4. A constellation of city-states in what today is Nigeria’s Middle Belt

These three groups of territories had been gradually consolidated over a quarter of a century into a single administrative and political entity. At no time in the one thousand years preceding 1900 (the year formally designated the start of the protectorate of Northern Nigeria when the consolidation was completed, even though the area wasn’t fully conquered – “pacified” was the term preferred by the imperialist interlopers – until 1904-1906) was the British taxpayer called upon to subsidise the governance costs of any of these territories; their resources were more than ample to run their affairs of state, and the Sokoto Caliphate even had an administration which resembled the modern states of the day, being modelled in some respects on the Ottoman states.

But immediately after the imperialist incursion occurred, the area began to rack up budgetary deficits which the British taxpayer needed to pick up. It doesn’t take an administrative or financial genius to realise that the fault of this development lay with the new political masters, and it was they who needed to find extra sources of income to run the new territory (the British taxpayer was as good a source as any, since the imperialist incursion was in their name, if not exactly at their behest)…or leave the territory well alone.

  1. By this sleight of hand, the burden of governance shifted from the British tax-payer – who, though not native to Northern Nigeria, had at least some moral obligation, albeit indirect, in the matter – to the rate-payers and merchants across the River Niger, who were not natives of Northern Nigeria but whose budgetary surpluses now would go to subsidise the colonial administration there.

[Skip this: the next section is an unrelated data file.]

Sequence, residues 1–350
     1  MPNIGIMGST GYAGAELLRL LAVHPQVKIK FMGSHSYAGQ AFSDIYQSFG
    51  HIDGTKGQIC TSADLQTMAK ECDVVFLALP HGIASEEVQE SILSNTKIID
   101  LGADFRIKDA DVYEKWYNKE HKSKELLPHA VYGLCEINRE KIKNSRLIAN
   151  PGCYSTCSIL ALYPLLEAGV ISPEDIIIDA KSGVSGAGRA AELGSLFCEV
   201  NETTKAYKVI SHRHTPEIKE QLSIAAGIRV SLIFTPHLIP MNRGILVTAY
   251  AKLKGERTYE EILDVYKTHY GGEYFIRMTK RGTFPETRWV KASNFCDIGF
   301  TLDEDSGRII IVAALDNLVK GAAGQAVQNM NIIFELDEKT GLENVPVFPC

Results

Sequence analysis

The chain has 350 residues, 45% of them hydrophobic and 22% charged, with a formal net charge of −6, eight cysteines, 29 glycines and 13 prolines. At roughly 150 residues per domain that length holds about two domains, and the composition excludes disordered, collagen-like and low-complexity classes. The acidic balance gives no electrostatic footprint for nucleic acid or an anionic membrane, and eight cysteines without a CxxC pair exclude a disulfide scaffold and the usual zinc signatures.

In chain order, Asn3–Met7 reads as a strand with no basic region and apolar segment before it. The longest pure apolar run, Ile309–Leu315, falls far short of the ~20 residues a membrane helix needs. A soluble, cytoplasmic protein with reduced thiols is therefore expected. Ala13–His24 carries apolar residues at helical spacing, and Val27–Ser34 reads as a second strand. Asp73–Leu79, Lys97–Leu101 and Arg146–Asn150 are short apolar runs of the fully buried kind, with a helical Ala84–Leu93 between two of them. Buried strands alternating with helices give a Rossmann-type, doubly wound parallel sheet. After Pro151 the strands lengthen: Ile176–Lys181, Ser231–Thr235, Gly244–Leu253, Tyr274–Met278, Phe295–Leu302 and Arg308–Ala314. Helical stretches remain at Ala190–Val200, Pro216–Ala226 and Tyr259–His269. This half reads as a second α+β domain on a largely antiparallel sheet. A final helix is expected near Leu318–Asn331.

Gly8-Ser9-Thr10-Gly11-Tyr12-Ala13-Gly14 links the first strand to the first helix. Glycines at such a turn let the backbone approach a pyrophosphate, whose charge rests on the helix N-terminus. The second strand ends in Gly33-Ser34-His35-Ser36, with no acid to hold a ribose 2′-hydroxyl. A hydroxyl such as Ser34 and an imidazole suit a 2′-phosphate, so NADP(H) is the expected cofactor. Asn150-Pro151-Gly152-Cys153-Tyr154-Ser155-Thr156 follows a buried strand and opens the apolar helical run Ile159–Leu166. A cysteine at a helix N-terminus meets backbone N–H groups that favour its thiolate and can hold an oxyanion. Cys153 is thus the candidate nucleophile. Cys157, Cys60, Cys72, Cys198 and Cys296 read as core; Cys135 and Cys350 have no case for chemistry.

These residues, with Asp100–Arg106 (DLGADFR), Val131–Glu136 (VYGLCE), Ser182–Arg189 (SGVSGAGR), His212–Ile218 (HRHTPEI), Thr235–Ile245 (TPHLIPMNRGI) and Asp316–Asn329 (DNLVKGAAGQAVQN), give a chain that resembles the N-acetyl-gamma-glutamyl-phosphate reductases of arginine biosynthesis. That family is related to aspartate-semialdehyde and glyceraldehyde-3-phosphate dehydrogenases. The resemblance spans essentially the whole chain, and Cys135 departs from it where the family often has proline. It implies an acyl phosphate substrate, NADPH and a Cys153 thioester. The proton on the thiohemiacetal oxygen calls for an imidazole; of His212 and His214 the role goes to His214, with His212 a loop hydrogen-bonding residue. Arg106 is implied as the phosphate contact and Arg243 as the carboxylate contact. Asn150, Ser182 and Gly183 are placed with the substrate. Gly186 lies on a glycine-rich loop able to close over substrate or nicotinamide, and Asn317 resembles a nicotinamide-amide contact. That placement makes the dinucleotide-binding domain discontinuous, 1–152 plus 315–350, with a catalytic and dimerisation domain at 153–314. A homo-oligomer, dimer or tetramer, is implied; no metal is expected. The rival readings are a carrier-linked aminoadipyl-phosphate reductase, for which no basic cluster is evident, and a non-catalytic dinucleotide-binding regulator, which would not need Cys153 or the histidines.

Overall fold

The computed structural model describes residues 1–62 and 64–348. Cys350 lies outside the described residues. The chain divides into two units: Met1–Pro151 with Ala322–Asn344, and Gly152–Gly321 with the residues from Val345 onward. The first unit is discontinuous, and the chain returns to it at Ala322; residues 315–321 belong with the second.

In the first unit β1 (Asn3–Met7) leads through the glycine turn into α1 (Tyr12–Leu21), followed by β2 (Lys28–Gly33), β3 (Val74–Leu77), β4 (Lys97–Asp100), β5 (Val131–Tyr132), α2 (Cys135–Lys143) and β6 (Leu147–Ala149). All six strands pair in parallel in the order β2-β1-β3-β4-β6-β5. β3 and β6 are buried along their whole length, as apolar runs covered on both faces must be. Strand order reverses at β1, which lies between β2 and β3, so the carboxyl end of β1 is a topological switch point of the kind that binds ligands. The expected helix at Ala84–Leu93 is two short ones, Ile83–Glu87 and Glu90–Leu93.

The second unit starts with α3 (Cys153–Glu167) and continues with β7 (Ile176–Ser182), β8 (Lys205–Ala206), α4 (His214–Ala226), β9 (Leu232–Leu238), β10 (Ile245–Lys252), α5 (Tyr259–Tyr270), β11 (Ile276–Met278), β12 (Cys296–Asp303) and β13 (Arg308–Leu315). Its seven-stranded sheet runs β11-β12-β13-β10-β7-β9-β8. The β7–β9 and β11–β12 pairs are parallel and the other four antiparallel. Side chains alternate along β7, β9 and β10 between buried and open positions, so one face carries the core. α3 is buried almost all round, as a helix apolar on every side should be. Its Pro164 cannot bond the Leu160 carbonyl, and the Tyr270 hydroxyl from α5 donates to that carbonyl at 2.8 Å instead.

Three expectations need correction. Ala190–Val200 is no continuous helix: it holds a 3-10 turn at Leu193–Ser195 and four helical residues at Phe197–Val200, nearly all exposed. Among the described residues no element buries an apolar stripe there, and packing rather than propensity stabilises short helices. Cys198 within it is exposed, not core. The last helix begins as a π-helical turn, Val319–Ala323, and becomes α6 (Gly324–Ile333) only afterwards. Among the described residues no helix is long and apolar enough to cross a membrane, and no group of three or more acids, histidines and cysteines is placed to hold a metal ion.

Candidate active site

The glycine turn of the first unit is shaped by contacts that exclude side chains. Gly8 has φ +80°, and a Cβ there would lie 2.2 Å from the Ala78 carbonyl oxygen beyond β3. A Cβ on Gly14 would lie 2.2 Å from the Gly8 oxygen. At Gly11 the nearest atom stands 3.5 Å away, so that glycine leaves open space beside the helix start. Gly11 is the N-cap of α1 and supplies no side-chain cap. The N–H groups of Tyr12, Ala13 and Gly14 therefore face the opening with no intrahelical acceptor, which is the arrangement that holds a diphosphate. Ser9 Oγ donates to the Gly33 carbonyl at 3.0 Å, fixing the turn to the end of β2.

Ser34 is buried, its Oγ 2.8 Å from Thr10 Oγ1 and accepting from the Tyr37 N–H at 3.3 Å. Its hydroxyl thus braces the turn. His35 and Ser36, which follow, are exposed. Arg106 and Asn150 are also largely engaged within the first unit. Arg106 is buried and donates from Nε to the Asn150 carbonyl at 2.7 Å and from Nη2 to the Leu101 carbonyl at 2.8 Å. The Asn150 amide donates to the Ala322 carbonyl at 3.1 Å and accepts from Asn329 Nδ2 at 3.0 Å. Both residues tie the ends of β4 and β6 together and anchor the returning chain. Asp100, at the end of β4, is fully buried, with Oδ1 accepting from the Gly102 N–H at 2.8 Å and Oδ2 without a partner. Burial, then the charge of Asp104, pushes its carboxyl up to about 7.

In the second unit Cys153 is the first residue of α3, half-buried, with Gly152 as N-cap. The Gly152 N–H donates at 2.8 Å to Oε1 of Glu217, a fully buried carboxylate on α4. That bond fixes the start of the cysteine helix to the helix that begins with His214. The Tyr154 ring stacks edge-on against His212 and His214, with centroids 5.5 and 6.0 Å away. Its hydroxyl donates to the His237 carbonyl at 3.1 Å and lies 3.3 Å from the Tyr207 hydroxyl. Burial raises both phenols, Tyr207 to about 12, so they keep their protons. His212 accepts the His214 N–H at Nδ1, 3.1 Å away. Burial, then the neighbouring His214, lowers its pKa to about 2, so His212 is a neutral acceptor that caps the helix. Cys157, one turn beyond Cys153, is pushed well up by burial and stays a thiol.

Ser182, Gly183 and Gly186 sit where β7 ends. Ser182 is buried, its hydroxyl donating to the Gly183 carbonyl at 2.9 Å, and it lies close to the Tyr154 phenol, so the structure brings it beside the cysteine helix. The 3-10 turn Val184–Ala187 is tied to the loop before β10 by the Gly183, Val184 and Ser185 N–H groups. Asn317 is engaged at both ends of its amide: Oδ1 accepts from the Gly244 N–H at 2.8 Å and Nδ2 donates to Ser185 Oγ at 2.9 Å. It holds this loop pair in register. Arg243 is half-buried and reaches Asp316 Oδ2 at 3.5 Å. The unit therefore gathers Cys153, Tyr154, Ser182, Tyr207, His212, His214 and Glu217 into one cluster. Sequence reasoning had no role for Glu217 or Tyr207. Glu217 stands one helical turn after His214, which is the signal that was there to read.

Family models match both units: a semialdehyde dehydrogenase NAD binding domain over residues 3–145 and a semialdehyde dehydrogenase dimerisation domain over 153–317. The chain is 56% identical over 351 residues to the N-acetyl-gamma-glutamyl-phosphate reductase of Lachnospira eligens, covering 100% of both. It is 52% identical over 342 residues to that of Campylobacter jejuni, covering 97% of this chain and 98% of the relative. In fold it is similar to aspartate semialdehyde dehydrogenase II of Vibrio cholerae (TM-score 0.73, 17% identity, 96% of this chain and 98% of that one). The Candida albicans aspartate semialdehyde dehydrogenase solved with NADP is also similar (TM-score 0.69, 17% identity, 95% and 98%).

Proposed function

To add insult to injury, whenever the natives of the territories south of the Niger (and even sometimes the “Northern Nigerian” natives who were Middle Belters – which was how this distinction arose to begin with) travelled up North (read this as the far North) they were obliged to stay in Strangers’ Quarters (Sabon Garin) outside the main walled town (Birnin), and when the Northerners travelled south (not many did this before independence) they huddled together in similarly-named Sabon Garin. In short, there was no systematic effort to encourage internal integration or cohesion – which was understandable (if simultaneously reprehensible) during the colonial years but has become a lot less so in the post-independence era even though southern revenue is still subsidising Northern administration as of today 2024 (in fact, revenue from southern oilfields is the current mainstay of Nigerian governmental revenue i.e. subsidising the entire country’s administration but its biggest beneficiaries are persons from elsewhere in the country).

The Southerners in the North back in the day had few to no political rights, as was expected under a colonial regime. But it became rather apparent in the nationalistic era of the run-up to Independence that southern residents in Northern geopolitics could not stand for elections (and after the first few electoral cycles, attempts to vote even were met with intimidation). Also, during the colonial era, the southerners in the North had almost no sociocultural rights – they could not attend Northern government schools for instance – and certainly no ethnocultural recognition, despite attempts by many of them to assimilate into their immediate community (which is more than can be said for most northerners in the south). All these added up to a potent undercurrent of resentment on both sides, which was almost exclusively expressed in defiant ethnic pride. But that wasn’t the only issue, nor even the most important.

The most important aspect of the matter is tied also to revenue, and it is that Nigeria – both as halves (which form were its original incarnation, and which cleavage the colonial masters faithfully maintained till they left but which unfortunately still persists, along with many other secondary and tertiary cleavages arising from that all-important one) and as the whole – was designed (and I am using this term extremely loosely here; not much deliberate thought has gone into the organisation or maintenance of the political state called Nigeria) to facilitate economic extraction, and secondarily to drive consumption of finished products. All its institutions and political processes are geared towards that end. In fact, it got political independence because a semblance of political sovereignty in the country was going to bring higher extractive returns to British firms and so on.